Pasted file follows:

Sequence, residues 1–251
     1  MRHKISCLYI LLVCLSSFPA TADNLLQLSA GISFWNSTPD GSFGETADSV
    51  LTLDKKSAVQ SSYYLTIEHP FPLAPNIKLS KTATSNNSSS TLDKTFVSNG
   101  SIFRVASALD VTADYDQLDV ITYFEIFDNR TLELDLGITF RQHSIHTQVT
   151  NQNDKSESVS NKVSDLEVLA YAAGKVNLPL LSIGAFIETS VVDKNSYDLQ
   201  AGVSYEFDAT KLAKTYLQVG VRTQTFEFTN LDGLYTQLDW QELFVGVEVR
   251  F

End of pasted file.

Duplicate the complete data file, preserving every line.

Sequence, residues 1–251
     1  MRHKISCLYI LLVCLSSFPA TADNLLQLSA GISFWNSTPD GSFGETADSV
    51  LTLDKKSAVQ SSYYLTIEHP FPLAPNIKLS KTATSNNSSS TLDKTFVSNG
   101  SIFRVASALD VTADYDQLDV ITYFEIFDNR TLELDLGITF RQHSIHTQVT
   151  NQNDKSESVS NKVSDLEVLA YAAGKVNLPL LSIGAFIETS VVDKNSYDLQ
   201  AGVSYEFDAT KLAKTYLQVG VRTQTFEFTN LDGLYTQLDW QELFVGVEVR
   251  F